Royal College of Physicians

On my train journey from Edinburgh this morning, I listened to a BBC Radio Scotland phone-in about the implications of Scottish independence.  The intricacies of a possible de-coupling from the UK are fascinating – from the economy to people’s pensions, to the NHS.

I’ve yet to read an article written specifically about the pros and cons from a medical research or science point of view.  But this is a good overview of the economic issues as recently appeared in the Financial Times.  In terms of the day-to-day, though, I wonder just how much more of a difference formal ‘independence’ will make in some areas.

For the irony is that, for a good few years, the forums I am involved in have become well-versed in encompassing the devolved administrations and their points of view as if they are wholly independent.  The discussion and negotiations are not always easy.  Sometimes – well, quite often actually – colleagues look jealously upon the enlighted approach they are taking.  But the upshot is that broad agreement is reached sooner or later and the various partners left to their own devices to how it is implemented.  So the real issue is not about de-coupling.  Rather it is how to ensure these different approaches remain linked to everyone’s benefit.

While away, I have intermittently followed the latest blows being traded over NHS reform. Mike Birtwhistle from MHP has blogged insightfully about the various politics behind the stance, or should I say different stances, of the medical professions.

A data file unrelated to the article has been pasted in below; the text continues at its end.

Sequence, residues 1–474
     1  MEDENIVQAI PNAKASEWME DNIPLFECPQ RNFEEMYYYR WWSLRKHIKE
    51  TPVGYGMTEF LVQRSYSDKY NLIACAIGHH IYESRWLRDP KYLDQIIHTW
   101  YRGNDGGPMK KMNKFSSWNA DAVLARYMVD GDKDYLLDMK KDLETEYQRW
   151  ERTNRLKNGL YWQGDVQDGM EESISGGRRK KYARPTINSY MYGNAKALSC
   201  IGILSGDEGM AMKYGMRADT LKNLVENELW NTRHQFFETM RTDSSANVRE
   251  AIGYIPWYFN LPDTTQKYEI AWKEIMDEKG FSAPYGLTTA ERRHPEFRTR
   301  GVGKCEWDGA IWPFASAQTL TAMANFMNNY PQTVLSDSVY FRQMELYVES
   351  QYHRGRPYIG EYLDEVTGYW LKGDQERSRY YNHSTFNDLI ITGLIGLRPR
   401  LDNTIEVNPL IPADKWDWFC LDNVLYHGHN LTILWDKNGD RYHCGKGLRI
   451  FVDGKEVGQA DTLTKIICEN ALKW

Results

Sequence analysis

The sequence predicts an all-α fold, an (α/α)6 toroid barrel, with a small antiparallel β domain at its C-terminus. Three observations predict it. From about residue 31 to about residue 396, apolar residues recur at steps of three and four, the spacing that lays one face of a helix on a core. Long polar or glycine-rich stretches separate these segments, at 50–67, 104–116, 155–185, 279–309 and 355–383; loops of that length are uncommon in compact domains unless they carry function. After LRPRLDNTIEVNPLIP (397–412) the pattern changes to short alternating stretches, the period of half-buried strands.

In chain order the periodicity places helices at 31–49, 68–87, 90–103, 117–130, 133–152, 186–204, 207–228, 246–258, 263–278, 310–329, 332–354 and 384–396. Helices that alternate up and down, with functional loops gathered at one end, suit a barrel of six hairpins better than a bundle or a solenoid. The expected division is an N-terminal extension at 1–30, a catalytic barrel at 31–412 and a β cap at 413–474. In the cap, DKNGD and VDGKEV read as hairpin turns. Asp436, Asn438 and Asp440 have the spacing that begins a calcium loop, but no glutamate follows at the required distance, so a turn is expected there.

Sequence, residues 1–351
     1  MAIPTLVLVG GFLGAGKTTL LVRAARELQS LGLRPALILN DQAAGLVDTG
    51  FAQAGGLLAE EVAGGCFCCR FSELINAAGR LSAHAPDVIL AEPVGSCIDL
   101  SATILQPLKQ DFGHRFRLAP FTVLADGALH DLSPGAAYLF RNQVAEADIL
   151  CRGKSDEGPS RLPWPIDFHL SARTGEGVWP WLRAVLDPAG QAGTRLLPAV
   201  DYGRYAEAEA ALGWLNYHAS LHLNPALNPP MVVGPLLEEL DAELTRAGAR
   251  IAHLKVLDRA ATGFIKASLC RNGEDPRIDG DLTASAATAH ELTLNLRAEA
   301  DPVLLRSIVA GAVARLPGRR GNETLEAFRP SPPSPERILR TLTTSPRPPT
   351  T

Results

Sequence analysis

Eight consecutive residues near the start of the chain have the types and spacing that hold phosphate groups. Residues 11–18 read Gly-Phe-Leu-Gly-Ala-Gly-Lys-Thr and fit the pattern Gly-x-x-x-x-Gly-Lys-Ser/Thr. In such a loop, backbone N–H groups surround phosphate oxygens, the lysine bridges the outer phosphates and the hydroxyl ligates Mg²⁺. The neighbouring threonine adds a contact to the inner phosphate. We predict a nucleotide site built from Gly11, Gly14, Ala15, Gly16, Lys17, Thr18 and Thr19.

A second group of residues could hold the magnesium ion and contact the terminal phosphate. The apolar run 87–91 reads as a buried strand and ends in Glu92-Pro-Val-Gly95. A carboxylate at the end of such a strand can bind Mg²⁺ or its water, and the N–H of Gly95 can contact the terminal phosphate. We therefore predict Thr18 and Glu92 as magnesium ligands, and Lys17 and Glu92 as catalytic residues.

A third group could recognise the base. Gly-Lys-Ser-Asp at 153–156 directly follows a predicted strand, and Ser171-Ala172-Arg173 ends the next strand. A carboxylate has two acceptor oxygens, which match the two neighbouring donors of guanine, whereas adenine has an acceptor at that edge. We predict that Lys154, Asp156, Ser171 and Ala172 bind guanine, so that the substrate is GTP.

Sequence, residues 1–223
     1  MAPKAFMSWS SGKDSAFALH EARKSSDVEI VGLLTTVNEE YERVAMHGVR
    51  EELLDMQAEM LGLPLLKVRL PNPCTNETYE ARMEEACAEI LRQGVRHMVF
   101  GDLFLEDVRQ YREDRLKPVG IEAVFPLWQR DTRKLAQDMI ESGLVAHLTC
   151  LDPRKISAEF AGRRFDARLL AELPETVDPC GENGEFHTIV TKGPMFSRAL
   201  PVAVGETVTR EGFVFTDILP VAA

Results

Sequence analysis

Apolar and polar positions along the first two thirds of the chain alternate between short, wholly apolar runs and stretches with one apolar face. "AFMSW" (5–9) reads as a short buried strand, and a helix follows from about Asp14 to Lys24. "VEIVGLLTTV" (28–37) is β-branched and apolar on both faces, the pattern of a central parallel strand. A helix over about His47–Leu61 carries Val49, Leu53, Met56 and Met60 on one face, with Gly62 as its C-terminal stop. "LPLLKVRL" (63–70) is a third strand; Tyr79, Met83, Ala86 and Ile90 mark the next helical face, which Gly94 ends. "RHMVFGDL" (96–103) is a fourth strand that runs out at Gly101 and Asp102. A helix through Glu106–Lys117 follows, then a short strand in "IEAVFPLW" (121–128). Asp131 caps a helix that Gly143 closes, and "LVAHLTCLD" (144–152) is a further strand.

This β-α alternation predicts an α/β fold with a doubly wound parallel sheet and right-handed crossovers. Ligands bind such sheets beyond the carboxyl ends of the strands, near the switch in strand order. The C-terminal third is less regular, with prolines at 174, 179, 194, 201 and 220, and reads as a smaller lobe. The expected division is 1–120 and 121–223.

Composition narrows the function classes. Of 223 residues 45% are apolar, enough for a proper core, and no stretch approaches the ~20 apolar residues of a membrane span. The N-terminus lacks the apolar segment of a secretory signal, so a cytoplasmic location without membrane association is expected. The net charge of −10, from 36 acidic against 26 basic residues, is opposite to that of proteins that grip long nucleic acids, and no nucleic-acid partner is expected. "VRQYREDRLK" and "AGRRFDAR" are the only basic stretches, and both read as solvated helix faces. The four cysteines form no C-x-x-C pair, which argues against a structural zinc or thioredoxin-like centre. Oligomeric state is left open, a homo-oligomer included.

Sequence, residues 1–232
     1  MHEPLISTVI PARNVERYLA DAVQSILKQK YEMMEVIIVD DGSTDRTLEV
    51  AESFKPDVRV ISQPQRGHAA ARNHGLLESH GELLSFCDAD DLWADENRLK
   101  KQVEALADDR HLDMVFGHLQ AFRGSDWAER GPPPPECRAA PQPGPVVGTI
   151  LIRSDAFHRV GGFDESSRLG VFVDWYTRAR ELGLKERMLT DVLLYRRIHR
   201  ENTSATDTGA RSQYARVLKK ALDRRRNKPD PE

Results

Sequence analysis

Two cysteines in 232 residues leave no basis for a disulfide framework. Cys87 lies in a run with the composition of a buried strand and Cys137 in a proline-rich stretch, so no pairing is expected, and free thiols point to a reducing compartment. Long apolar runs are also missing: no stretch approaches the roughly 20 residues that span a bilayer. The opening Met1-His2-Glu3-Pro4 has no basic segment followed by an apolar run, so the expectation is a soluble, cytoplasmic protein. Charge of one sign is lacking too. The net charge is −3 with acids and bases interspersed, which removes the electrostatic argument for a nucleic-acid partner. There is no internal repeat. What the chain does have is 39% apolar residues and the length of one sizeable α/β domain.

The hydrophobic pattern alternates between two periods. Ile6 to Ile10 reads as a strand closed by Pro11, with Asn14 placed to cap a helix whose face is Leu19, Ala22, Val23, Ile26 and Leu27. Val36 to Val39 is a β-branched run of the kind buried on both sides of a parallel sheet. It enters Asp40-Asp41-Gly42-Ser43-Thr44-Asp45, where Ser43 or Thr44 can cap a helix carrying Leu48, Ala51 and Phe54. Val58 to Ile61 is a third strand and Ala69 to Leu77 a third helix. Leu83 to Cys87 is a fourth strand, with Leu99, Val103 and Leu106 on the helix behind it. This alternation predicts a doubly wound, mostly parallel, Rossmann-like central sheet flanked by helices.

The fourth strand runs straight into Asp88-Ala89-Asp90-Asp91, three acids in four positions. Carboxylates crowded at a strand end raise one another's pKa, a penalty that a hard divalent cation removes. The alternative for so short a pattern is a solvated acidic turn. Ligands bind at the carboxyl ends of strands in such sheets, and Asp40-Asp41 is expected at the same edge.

How ironic it is that the Royal College of Physicians – who brought the BMA to heel to create the NHS in 1944 – is now being pressued by the BMA to ‘save the NHS.’  Or so the BMA would have us believe.  The relationship between the two has never been an easy one.  My sense is that the survival instincts of the Colleges – which are even greater than that of our own political parties – will come out on top.  They will want to stay at the negotiating table come what may.

Meanwhile, the irony is that life with the NHS reforms goes on.  Chris Ham, Chief Executive at the King’s Fund, wrote a blog last week which was much quoted for only one aspect, his comments about what the aforementioned medical professions and their latest salvos.

His other main observation was that, while the politics rev up again, the reforms continue apace in other ways, regardless of and without little need of legislation. And many, including Royal Colleges, position themselves rightly and astutely to ensure the reforms benefit their respective constituency – note this from the Royal College of Paediatrics and Child Health (RCPCH) about the new Children’s Forum. 

In other sectors – medical research for instance – the debate during the parliamentary stages has been highly relevant, important and constructive.  Much has been gained and much is still on the table.  Its cross-party support can only be helpful as we reach the final stages of the legislative process.  The potential impact on how the NHS supports research in the future is significant.  So, for some, I am sure, it would be ironic if this gain were to fall along with the Bill.  At the very least it would supposedly leave things in a bit of a pickle.  But I doubt very much that will be the outcome, one way or the other.

If you wish to get up to speed with the latter debate ahead of the Report Stage of the Bill in the House of Lords have a look at the ever-comprehensive analysis on Becky’s Policy Pages.


Yesterday I spoke at a meeting of the Royal College of Paediatrics and Child Health (RCPCH).  There was an outstanding presentation before mine by Kate Baker, a young academic paediatrician, about what inspired her to go into research.  She talked about the importance of charismatic role models in attracting young doctors to science.  But also highlighted the importance of doctors being given time and money (and not necesarily a lot!) to pursue research.   And it is not just at the beginning of their career but further along too, I learnt.